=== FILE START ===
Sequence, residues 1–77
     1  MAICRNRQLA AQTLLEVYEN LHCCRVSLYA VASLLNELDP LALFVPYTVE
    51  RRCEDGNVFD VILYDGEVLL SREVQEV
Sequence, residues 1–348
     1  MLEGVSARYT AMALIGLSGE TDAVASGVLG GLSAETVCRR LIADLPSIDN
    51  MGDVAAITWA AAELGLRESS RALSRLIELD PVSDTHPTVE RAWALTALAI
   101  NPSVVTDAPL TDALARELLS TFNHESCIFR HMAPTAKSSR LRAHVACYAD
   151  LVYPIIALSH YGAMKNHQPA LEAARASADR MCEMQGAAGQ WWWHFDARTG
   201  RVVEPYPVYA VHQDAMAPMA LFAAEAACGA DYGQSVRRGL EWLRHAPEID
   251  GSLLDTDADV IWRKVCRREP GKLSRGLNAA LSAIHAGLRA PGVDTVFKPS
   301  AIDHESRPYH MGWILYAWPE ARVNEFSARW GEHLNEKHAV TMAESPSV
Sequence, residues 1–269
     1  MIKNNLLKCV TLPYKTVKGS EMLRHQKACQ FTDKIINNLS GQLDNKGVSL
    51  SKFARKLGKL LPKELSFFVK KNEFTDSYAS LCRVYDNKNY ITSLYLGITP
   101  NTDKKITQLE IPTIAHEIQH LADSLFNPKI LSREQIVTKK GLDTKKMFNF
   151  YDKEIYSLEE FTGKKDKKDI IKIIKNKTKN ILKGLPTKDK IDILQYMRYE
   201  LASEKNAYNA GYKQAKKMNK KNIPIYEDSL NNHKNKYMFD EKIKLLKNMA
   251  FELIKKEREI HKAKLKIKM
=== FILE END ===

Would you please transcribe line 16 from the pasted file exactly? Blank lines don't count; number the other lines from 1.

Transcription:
   151  YDKEIYSLEE FTGKKDKKDI IKIIKNKTKN ILKGLPTKDK IDILQYMRYE